Your Top 10 Yamahas revealed

Here are your top 10 Yamahas, as voted for by you! We've taken all the Yammies from our huge database with 5 reviews or more, then averaged out owners' detailed ratings on the engine, brakes, handling, comfort and build to arrive at a final score. The higher the score, the more highly rated the bike. Remember, this list is based on owner's reviews.

10. XJR1300 (1999-present): 4.21/5

The Suzuki GSX1400's main rival in the retro bike stakes, this big Yamaha is another bang-for-the-buck naked. It's not as fast or powerful as you'd expect with only 105hp but it'll still embarrass sports cars at the lights, so there. However, the 1251cc inline-four (like the GSX, dating back to the '80s in lineage) is a wellspring of torque, 80lbft to be precise, pulling effortlessly from jogging pace and hitting 140mph if you so demand. Besides the point-and squirt-giggles, the XJR's charm lies primarily in its perfect bygone-era looks. 

9. TDM900 (2002-2011): 4.26/5

Yamaha listened and have replaced the TDM's old gearbox with a slicker six-speed unit. Mated to its nice and mellow 897cc parallel-twin that pushes out 76hp and 60ftlb of torque, the smooth power delivery makes it easy to stroke the bike along at decent pace until it runs out of fuel, which will happen after around 160 miles. The brakes - borrowed from the R1 - are sportier than the rest of the package, so firm up the suspension if you plan on going for a spirited ride.

8. YZF-R1 (2004-2006): 4.29/5

The performance figures of the '04 R1 speak volumes. At 180hp, it has 10 more than the ’02 bike, records a faster standing quarter and has a 7mph higher top speed. Similar to a Ducati 848, the Y-pipe holds the cat under the seat, and as a result the seat becomes somewhat of an AGA oven in slow moving traffic. Ground clearance is also an issue on track due to the R1's low pegs, Rearsets and a decat exhaust will solve these minor issues however. This model regained some of the bite that made the R1 family such modern classics in their day. ?

7. YZF-R1 (2007-2008): 4.31/5

The 2008 R1 is pre-big-bang. It was launched at a time when bikes like the new Honda Fireblade and KTM RC8 were getting more press, and didn't get a great deal of love. However that all plays to your advantage when it comes to second-hand price. It's still a fantastic bike, very quick and many would say prettier than the slightly chubbier modern R1s, which retail for over £12,000.

6. FZ1 (2006-present): 4.38/5

Take a re-tuned R1 motor and shoehorn it into a naked chassis and hey presto! This is what dreams are made of, right? Erm, no. The FZ1 is a really good bike - much like its older brother the Fazer - but it lacks any grunt both low-down and in the mid-range, which is exactly what you want in a naked bike. However, the fact that most owners' biggest gripes are the hard seat and awkward side-stand suggests they're happy with everything else.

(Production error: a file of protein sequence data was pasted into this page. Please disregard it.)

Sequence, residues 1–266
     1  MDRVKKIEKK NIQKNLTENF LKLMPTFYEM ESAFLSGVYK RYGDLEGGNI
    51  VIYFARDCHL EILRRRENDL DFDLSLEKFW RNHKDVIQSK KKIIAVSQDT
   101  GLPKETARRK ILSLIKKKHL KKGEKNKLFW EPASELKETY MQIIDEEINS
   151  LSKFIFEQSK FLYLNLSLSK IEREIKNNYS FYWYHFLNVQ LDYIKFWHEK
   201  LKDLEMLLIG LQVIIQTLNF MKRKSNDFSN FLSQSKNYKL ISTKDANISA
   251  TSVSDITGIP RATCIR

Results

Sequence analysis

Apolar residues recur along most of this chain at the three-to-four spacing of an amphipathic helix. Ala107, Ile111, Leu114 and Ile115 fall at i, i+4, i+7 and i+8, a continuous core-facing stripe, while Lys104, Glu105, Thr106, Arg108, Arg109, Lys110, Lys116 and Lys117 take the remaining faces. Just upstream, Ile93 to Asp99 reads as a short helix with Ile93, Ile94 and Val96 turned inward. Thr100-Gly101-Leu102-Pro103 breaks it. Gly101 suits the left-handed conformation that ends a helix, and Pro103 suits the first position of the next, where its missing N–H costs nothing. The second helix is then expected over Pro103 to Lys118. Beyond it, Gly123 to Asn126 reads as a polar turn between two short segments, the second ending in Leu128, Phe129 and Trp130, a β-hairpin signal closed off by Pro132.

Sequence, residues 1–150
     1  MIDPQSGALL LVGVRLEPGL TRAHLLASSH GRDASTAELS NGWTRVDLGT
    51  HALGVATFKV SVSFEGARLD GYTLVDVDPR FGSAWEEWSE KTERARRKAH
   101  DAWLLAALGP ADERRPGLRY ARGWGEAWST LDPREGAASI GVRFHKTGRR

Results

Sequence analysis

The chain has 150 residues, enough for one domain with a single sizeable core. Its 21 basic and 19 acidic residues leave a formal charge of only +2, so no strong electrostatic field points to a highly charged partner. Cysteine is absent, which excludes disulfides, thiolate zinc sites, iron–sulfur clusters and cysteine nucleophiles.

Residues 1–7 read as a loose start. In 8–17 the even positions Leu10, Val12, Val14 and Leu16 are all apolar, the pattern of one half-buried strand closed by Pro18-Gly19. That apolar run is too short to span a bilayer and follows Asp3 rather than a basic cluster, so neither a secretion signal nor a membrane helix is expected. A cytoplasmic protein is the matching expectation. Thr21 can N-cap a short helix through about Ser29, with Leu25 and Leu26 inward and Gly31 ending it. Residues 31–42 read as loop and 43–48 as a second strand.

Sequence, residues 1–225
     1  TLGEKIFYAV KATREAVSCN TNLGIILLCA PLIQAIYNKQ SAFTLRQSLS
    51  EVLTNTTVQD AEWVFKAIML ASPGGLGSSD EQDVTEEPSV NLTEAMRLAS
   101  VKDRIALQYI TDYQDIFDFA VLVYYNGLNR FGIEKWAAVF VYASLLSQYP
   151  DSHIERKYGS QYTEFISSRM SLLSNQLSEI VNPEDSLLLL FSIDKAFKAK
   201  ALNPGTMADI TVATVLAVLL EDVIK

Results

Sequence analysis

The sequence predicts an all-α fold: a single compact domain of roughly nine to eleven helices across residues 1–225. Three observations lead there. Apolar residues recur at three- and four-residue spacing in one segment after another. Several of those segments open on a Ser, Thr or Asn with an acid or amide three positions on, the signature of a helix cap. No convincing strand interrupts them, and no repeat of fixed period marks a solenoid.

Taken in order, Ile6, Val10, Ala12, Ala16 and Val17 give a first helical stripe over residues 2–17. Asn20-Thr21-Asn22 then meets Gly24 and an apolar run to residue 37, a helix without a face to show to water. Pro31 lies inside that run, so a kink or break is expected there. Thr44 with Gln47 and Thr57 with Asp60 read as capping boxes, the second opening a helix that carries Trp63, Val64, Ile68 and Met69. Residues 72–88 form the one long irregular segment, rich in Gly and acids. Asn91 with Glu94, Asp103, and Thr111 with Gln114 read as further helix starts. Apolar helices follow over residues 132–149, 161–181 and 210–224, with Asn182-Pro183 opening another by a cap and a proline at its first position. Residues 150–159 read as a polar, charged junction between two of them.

=4. XP500 T-MAX (2000-2011): 4.4/5

Yamaha's T-MAX is the machine that invented the Maxi scooter class in 2001. The class-leading bike is sporty and handles like a proper motorcycle, with the convenience of a scooter. Luggage carrying capacity could be improved, especially when you consider that they cost a salty £8,699 new!

=4. FZS600 Fazer (1998-2003): 4.4/5

Using a Thundercat derived engine, the Fazer has a perfectly-carburated rush to its 12,500rpm redline, where it puts out a chirpy 95hp. Although the Fazer has budget suspension and aesthetic that divide opinion, it's so much more than the sum of it's parts. Their popularity demonstrates how capable they are as an all-rounder, and they offer an interesting alternative to the Hornet, Bandit and SV650 clan.

3. XT660Z Tenere (2008-present): 4.5/5

Using a motor borrowed from Yamaha's XT660R trail bike, the Tenere has a simple but bulletproof engine. It's comfortable, has the adventure bike looks sorted, and those twin underseat exhausts pop nicely on deceleration. The original XT600Z Tenere, launched in 1983 and popular with desert racers, was a direct relative of the XT500 that had won two Paris-Dakar rallies. It had a 30-litre tank, huge front suspension travel and weighed 45kg less than the current generation Tenere, which scales in at 183kg dry.

2. YZF-R125 (2008-present): 4.63/5

The R125 was the UK's fifth top seller from January to September in 2013, showing just how popular these bikes are. The single-cylinder engine chucks out 15hp and the bike has a wheelbase only 25mm shorter than the R6. It handles well, it's frugal and it's easily the best-looking 125 sportsbike on the market. If ever there were a bike to act out youthful fantasies of MotoGP stardom on, this is it.

1. Super Tenere XT1200Z (2010-present): 4.83/5

Built to rival BMW's GS and Ducati's Multistrada, it's clear that Yamaha wanted a slice of the adventure bike pie. The 1199cc twin puts out 109hp and 84ftlb of torque, managing an acceptable 42mpg. Could be worse when you consider the Super Tenere's hefty 261kg weight. It's extremely well-built and at £11,999, is £600 less than the GS. You may not get the BMW badge or the extensive options list, but Japanese reliability and peace of mind is a big 'yes please' when it comes to adventure bikes.

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